Despite being careful, a 21-year-old woman ended up with infected ear cartilage after getting it pierced while she was on her vacations in Thailand!
A 21-year-old woman got her upper ear cartilage pierced while she was enjoying her vacations in Thailand. She carefully selected a professional piercer for the job. The sanitary conditions were also up to the mark. But guess she was out of luck!
The piercer first swabbed the ear with an unknown solution and then he injected the local anaesthetic solution with a syringe packed in its own packaging. Since the syringe was in its packing, the patient assumed that the syringe is new and sterile.
At the time of piercing, he inserted a titanium earring.
One week after the ear piercing, the patient resumed swimming in the Gulf of Thailand.
Approximately, 2 weeks after the piercing, and 1 week after the swim, her ear became painful.
She returned to Canada, where she consulted a physician as her ear was red (erythematous) with a purulent discharge. This was 3 weeks after the piercing.
The physician removed her earring and started her on cephalexin 500 mg four times daily for 7 days with an assumption that Staph. Aureus was the most likely culprit pathogen. Before the start of antibiotics, the doctor had collected a swab for culture and sensitivity testing.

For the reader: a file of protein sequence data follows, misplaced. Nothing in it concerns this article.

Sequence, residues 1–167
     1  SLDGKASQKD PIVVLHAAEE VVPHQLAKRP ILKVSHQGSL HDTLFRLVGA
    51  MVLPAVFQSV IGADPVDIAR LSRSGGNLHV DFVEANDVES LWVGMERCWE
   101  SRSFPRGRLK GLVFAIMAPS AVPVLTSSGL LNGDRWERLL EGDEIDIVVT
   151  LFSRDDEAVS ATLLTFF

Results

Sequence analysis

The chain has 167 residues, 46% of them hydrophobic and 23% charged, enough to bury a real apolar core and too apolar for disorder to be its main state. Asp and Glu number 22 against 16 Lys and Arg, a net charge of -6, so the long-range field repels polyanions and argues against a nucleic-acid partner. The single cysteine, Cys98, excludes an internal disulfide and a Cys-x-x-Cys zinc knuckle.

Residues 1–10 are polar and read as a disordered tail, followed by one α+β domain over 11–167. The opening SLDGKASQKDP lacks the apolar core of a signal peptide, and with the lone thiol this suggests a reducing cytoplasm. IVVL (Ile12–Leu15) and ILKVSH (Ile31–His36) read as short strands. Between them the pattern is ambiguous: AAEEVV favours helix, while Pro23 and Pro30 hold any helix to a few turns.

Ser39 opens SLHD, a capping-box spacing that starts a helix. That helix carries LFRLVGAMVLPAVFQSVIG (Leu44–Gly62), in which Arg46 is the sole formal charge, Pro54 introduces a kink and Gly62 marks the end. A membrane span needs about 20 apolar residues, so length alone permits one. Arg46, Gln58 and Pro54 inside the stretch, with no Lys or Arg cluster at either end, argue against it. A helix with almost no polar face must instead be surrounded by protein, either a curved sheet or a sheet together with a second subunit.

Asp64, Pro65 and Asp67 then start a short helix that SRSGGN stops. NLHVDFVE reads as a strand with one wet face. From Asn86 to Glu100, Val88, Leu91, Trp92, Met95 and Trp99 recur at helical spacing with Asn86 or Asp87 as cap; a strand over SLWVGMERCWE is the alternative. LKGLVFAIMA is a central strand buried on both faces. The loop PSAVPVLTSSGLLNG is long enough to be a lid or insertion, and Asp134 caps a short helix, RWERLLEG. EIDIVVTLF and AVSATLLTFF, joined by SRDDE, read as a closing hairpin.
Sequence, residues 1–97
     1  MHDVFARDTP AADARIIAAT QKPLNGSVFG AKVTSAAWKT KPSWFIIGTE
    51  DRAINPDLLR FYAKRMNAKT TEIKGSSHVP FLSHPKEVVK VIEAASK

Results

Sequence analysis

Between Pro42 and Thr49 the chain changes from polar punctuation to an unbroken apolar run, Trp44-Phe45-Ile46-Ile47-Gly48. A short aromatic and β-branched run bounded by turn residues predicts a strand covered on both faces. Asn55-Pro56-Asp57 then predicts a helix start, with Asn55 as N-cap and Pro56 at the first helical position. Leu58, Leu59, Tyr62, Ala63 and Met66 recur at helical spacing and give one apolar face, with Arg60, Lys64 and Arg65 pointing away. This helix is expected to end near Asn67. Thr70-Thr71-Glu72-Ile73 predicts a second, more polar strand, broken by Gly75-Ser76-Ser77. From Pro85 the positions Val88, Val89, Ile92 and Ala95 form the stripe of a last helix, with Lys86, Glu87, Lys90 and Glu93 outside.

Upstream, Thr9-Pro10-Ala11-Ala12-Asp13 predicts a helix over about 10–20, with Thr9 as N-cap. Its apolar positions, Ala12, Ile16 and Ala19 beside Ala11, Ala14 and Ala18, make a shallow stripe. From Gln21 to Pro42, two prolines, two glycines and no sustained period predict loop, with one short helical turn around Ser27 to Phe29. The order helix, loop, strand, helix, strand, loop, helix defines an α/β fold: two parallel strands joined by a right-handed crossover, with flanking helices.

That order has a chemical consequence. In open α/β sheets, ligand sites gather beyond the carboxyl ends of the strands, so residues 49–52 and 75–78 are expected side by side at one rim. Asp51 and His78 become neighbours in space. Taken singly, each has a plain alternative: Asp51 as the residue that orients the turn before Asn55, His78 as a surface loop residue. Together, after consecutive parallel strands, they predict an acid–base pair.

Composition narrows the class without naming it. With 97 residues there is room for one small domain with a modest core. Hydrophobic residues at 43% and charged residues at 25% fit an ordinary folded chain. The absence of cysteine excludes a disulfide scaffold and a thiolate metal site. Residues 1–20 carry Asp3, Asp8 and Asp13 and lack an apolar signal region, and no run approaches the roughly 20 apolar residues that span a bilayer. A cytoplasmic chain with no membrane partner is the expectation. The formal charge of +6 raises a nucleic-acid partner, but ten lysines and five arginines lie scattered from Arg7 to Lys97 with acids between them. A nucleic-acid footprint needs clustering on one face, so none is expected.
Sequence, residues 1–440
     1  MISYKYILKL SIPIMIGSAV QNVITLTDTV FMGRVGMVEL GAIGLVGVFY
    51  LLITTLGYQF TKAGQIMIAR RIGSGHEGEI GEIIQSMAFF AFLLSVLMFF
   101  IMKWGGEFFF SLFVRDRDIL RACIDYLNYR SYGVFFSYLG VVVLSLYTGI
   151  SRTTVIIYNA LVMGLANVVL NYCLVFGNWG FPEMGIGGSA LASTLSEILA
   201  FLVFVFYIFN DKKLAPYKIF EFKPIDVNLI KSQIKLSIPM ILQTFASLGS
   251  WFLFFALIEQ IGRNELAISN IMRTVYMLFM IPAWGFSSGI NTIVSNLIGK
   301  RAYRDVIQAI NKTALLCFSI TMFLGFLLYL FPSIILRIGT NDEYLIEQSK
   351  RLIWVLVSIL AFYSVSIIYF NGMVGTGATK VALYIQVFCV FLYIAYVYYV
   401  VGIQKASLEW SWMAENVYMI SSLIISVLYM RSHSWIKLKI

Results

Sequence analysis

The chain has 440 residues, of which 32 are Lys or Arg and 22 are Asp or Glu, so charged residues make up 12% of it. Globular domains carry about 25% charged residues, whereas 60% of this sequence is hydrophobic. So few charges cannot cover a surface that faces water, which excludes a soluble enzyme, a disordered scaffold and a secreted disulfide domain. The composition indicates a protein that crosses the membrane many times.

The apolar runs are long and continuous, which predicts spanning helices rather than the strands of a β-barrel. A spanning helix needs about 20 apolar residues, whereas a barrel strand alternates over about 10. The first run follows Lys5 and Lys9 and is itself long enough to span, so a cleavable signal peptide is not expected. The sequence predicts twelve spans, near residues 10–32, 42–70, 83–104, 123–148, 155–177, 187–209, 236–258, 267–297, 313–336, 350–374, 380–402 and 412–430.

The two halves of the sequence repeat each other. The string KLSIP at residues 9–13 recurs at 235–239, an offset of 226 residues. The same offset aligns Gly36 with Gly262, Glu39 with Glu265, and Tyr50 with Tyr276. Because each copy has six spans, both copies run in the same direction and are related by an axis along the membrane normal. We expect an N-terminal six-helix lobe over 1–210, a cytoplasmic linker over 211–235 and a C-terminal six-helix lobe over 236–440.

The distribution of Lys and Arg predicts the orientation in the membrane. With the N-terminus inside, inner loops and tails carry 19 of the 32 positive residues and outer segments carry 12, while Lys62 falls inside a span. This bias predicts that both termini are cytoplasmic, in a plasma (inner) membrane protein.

Despite being compliant with the antibiotics, the patient’s ear worsened. Now she was experiencing intense discomfort. However, she did not have any fever and the redness of the ear had not worsened.
The doctor reassessed the patient 2 days after the first visit and noticed a serosanguineous discharge but no abscess. Moreover, there was no lymphadenopathy.
The preliminary swab culture report showed gram-negative bacilli, therefore, the doctor added another antibiotic (levofloxacin). Later, after the definitive report, the doctor changed one of her antibiotics according to the sensitivity of the organism.
Around 3-4 days later, the patient started to feel better. The pain was improving. Moreover, the erythema had decreased too. However, there was a localised swelling which required incision and drainage.
Despite the drainage, the swelling persisted. The doctor suspected the viability of the organism in the cartilage.
The family physician consulted an ENT specialist and the infectious department. Thereafter, she underwent debridement and an ear splint.
One week later, they removed her splint. The ear had considerably improved. It was no longer red nor had any discharge. The ear healed without any serious deformity.